Use of illegal drugs has been associated with pregnancy complications beyond miscarriage, including low birth weight, early labor, fetal death, and placental abruption. If a woman smokes or abuses drugs (legal or illegal), she should tell her doctor when she finds out she’s pregnant. There are support services and even medications that are safer for baby and can reduce miscarriage risk.
11 Could I Have Had A Miscarriage And Not Known It?
According to the American Pregnancy Association, an estimated 75 percent of all miscarriages that occur are chemical pregnancies. This term doesn’t mean that a chemicals have caused the miscarriage, but instead that a woman miscarries around the time of her pregnancy and doesn’t even really know she was ever pregnant.
A fertilized egg will usually implant in the uterus about three weeks after a woman last had her period. However, for some reason or another, a chemical pregnancy can occur. Many times this could be due to a chromosome abnormality where changes to the fertilized egg’s chromosomes mean the pregnancy couldn’t continue.
Other potential factors for a chemical pregnancy include a history of a clotting disorder, mom’s age is greater than 35, or history of a thyroid disorder.
It’s hard to distinguish between a chemical pregnancy and a period. However, heavy bleeding, significant menstrual cramping, and passing tissue can all indicate a potential miscarriage due to a chemical pregnancy. Experiencing spotting and/or light bleeding after a positive pregnancy test doesn’t mean that a woman has had or will have a miscarriage.
10 Why Do I Feel So Sad?
According to Psychology Today, women who have experienced a miscarriage are more likely to experience a major depressive disorder than women who have never been pregnant. Even with a supportive partner and family and armed with the knowledge that miscarriage likely won’t happen again, it’s completely normal to feel sad and even depressed.
While it can be difficult for a woman to admit, sometimes she needs outside and expert help in sorting through the emotions that come with miscarriage. Examples could include supportive counseling, which has been shown to reduce depression, grief, and anger related to miscarriage.
Signs a woman may be need counseling or additional support include when the following symptoms last past several weeks: difficulty sleeping, changes in appetite, increased irritability, feelings of hopelessness, and feelings of anxiety and/or panic. These are very treatable symptoms that a woman shouldn’t have to suffer after she experiences a pregnancy loss.
9 Why Did My Body Let Me Down?
Even when a woman has all the facts regarding miscarriage, it’s easy for her to second-guess herself regarding things she could have done differently. She may wonder if she hadn’t gone on that run or worn a pair of pants that were too tight, would things be different.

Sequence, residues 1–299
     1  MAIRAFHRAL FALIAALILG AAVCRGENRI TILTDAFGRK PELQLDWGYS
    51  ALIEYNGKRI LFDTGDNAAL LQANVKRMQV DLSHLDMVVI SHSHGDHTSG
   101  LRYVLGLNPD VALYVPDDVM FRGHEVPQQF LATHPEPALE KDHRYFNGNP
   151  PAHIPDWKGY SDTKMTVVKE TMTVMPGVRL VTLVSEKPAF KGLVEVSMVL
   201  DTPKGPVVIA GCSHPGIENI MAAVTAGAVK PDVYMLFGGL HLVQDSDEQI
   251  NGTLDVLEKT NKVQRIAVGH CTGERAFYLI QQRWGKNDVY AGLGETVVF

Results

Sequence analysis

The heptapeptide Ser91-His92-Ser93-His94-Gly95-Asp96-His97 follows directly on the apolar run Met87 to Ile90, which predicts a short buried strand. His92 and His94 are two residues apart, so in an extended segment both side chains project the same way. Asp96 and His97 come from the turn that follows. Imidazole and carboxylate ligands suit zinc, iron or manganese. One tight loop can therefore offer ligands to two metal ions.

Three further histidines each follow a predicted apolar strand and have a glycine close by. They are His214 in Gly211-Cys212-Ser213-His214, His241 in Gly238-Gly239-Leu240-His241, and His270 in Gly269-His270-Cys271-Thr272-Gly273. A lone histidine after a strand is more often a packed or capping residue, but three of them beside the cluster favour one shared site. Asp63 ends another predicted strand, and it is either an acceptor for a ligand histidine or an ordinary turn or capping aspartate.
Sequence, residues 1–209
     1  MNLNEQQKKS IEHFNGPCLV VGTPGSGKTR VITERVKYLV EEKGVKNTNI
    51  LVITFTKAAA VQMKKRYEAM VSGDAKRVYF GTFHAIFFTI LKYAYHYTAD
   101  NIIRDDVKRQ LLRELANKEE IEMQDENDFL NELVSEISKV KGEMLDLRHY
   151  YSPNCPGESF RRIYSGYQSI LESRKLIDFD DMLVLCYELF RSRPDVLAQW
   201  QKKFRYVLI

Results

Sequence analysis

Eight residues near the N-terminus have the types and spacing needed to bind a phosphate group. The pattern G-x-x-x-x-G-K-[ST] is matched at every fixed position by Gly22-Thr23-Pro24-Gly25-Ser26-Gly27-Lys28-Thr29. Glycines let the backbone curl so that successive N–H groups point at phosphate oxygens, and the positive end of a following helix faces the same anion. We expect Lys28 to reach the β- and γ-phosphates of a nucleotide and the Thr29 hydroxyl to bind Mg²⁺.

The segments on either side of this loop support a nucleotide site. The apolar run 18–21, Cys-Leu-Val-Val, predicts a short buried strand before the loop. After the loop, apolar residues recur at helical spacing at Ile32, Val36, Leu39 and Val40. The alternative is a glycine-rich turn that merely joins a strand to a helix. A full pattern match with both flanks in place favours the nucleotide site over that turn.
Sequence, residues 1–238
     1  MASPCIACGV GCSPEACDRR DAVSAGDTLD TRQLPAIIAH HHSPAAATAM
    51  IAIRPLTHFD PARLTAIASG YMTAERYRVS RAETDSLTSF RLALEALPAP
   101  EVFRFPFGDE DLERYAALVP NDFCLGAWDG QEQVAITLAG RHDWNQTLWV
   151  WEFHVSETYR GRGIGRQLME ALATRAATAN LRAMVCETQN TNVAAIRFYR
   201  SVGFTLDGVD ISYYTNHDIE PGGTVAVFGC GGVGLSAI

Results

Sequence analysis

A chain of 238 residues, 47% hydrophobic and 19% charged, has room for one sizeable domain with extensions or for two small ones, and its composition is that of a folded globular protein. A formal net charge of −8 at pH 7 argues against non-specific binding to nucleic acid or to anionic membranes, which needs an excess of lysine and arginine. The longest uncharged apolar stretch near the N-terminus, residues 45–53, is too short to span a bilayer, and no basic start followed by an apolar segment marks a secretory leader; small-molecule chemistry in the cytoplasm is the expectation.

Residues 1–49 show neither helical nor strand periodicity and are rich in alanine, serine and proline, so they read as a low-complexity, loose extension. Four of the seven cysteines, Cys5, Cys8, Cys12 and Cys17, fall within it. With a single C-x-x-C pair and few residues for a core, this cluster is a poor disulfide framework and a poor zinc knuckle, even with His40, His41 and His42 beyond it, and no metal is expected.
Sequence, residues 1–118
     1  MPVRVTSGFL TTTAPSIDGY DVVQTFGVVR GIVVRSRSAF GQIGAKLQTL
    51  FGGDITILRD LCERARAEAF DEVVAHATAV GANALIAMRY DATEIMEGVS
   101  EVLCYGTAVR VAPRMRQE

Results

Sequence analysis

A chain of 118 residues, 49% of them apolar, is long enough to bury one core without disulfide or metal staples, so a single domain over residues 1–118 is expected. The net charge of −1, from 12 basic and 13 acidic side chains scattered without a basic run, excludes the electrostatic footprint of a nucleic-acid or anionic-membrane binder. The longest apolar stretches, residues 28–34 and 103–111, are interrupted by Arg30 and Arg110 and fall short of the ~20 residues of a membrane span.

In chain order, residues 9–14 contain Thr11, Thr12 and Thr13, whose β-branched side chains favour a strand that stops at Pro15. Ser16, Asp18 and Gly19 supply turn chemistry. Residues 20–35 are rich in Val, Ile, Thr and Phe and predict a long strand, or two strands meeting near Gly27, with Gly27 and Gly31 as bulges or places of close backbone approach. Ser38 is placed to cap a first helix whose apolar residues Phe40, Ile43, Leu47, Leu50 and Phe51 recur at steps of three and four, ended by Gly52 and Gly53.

She may also have a hard time reconciling the fact that her mind very much wanted the baby, yet her body could not carry it through a healthy pregnancy.
Unfortunately, there are some aspects of a woman’s health and pregnancy that are beyond her control. And while it may take time to accept, it’s important to re-iterate that a woman shouldn’t blame herself, that miscarriage is common, and that her body likely will not let her down for a second time should she choose to try and get pregnant again.
8 Was The Miscarriage My Fault?
According to a study published in the journal “Obstetrics and Gynecology” 20 percent of men and women surveyed (mistakenly) believed one of the following could lead to miscarriage: 1. Past diseases and STIs, 2. History of having an abortion, 3. History of using an IUD for birth control, 4.
Getting into an argument with a spouse, or 5. Not wanting the pregnancy could all lead to miscarriage. None of these factors can lead to miscarriage, and it certainly isn’t a woman’s “fault” if she has a miscarriage.
While researchers may not know all the exact triggers that lead to miscarriage, what they do know is that it is largely out of a woman’s control if the fertilized egg cannot successfully grow. Pregnancy and having a baby is a long series of intricate steps on the part of the body and the growing fetus.
7 Was The Miscarriage My Partner’s Fault?
A woman can experience a number of feelings and emotions related to her relationship with her partner after a miscarriage. One common misconception related to partners and miscarriage is that if a partner isn’t as supportive or excited as the mother about the pregnancy, a miscarriage could occur. However, for the most part a miscarriage is related to chromosomal abnormalities.
If a woman has experienced recurrent (more than one) miscarriages when trying to conceive with the same partner, the couple may wish to seek care at a reproductive specialist. It’s possible that a man’s sperm may not be shaped in such a way that they are most effective.
As a result, a woman may be able to conceive, but the abnormal shape and DNA of the sperm may result in miscarriage. It is possible to have sperm quality tested to determine if the recurrent miscarriage could be due to abnormalities in the male sperm.
6 Does This Mean I’m In Bad Health